Saturday, 16 April 2005

Get Messenger Plus!If you're a MSN Messenger user and you have not yet tried the free Messenger add-on called Messenger Plus!, you're missing out. Cruise on over to download a copy and see all the extras you can get.

I have been using Messenger Plus! for well over a year, and I find myself using many of its features all the time. The logging is great, and the floating messenger contacts capability is very cool. I can also use it to associate special sounds with individuals and their actions - so when Tim logs on, for example, timmy_scream.wav plays instead of the default Messenger sound. Heh... And the emoticon sounds thing is cool, too.

There's also a whole slew of plug-ins available. Click on the Plug-ins link that you'll find on the download page for a complete library. One of my favorites is the IRC-style plug-in that lets me type things like "/me slaps himself upside the head."

Click to download it:

About the sponsor program that comes with the software: When you install Messenger Plus!, you'll be given an opportunity to choose whether or not you want to install a "sponsor program" (this is how the author makes a few bucks for his work). I'm glad Patchou, the author, allows people to opt out of this when installing, since some people either cannot or don't want to install that kind of software. The sponsor is C2 Media, and it installs a toolbar in IE and adds some commercial advertising. You don't have to install the sponsor program if you don't want to.

Note: If you're not already on my contact list, my MSN Messenger address is the same as my email:

  • greg(at)greghughes(dot)net

Feel free to add me if you like...



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Tech
Saturday, 16 April 2005 12:54:28 (Pacific Standard Time, UTC-08:00)
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ToyotasI'm having a little fun (while taking my coffee intravenously this morning) manually browsing Google Maps and satellite images from around Portland.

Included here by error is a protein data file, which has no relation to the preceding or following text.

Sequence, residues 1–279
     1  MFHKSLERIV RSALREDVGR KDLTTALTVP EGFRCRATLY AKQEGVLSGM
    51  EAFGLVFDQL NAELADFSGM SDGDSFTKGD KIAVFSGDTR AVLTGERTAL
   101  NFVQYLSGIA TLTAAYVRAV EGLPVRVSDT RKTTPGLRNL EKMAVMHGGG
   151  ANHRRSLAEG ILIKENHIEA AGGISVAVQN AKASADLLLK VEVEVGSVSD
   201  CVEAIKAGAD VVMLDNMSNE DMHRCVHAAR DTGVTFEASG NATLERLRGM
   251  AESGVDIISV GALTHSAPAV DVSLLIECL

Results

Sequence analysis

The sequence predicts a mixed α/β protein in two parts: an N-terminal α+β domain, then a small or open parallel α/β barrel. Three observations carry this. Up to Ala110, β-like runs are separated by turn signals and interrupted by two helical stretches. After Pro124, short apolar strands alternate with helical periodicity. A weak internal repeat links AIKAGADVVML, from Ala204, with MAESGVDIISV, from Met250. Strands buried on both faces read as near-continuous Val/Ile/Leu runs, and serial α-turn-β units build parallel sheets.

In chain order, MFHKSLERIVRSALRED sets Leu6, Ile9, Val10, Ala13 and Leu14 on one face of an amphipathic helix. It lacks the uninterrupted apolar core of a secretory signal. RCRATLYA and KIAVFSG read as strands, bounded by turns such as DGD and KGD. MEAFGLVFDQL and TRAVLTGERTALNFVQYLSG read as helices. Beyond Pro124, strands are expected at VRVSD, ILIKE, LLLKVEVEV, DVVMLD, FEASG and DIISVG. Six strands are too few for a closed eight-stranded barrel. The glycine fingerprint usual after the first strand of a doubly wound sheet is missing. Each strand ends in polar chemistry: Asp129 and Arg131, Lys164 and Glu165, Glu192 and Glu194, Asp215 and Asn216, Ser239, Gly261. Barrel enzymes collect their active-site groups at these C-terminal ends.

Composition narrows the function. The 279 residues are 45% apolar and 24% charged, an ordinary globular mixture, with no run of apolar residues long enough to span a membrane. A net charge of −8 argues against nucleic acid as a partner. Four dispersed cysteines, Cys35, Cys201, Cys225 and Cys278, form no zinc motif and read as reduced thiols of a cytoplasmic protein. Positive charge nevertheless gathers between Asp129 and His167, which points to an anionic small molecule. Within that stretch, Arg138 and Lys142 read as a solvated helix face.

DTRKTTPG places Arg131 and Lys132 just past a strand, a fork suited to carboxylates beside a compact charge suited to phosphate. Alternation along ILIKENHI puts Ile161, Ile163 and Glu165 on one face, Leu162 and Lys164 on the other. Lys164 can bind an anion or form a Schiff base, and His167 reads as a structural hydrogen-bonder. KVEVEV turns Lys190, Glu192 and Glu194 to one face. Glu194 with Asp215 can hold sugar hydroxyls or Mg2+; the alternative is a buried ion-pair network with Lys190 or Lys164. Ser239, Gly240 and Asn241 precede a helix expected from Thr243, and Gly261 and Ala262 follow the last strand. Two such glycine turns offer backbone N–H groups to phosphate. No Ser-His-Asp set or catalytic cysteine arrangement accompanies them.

There's these incredibly huge cargo ships that have TOYOTA printed in enormous red letters down their sides. They show up in Portland regularly and fill up the parking lot in the picture at right (map link) with brand new cars. From there they are taken all over the states, I am told. And let me tell you, that lot holds a whole bunch of cars.

Toyota_shipWhen you see that big Toyota ship actually coming at you on the Columbia river, it's pretty impressive. Maybe the next satellite pass will catch it in port. I looked down the rest of the river to see if it might be in any images between port and the Pacific, but not to be found. Unfortunately, a large part of the Columbia between Portland and the ocean is only available as low-res images. My house is in a similar predicament, resolution-wise (and no, it doesn't bother me if people know where I live).

Wired News had an article about interesting things in satellite images. Makes me wonder what else is out there in sat-imagery land?

Other stuff UPDATE: Planes in flight



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Random Stuff
Saturday, 16 April 2005 10:27:52 (Pacific Standard Time, UTC-08:00)
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Adam Cogan IM'ed me this morning with some cool news: Visual Studio 2005 Beta 2 was released to MSDN's Subscriber Downloads web site over the past couple of days:

Vs2releasemsdn

Just as we're about to start a new round of software evals - perfect timing! It will be interesting to see what people in the community think about the new releases.



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Tech
Saturday, 16 April 2005 08:44:52 (Pacific Standard Time, UTC-08:00)
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 Friday, 15 April 2005

I've recently gone on a run of trying all kinds of new devices in the PDA/MobilePhone/Email-Enabled-Device arena. I have used various Blackberry devices for a few years now (and have been using the Blackberry phone devices since they were first born). I have occasionally moved to other devices to try them out and see if they would suffice for use in my work. Recently I undertook that sort of project, evaluating various mobile carriers and their networks and devices, so it's been a real gadget-land around these parts since around the first of the year.

I won't be writing about the networks and service providers (maybe some other time), but I did want to catalog some of what I encountered, the geeky part of the project: All these nifty mobile devices.

It's worth noting right up front that as a general rule, I've pretty much always been disappointed with more-than-just-a-phone devices whenever I've tried them, for one reason or another. My experience has been the same with most of this latest run of devices I have tested. Also, I wrote this entry/review over the course of the past couple months, going back to it periodically to document bits of my experience over time.